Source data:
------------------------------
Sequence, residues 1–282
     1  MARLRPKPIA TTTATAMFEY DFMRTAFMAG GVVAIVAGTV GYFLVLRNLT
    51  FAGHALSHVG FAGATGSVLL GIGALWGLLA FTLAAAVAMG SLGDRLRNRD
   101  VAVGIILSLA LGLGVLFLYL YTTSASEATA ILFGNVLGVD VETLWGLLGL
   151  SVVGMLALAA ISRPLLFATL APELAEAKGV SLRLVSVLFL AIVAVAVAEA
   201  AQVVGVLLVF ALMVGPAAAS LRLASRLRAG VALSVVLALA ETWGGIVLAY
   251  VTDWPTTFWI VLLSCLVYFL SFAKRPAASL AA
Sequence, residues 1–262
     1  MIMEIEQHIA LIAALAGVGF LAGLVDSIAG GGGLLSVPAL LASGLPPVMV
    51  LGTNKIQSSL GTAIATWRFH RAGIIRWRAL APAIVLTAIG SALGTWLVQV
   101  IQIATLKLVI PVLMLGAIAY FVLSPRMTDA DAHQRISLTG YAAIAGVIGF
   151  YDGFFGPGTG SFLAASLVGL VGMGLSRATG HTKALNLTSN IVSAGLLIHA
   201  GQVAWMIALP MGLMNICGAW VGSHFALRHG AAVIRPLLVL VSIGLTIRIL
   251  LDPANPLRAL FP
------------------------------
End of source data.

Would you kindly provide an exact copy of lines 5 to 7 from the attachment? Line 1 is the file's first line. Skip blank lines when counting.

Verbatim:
   151  SVVGMLALAA ISRPLLFATL APELAEAKGV SLRLVSVLFL AIVAVAVAEA
   201  AQVVGVLLVF ALMVGPAAAS LRLASRLRAG VALSVVLALA ETWGGIVLAY
   251  VTDWPTTFWI VLLSCLVYFL SFAKRPAASL AA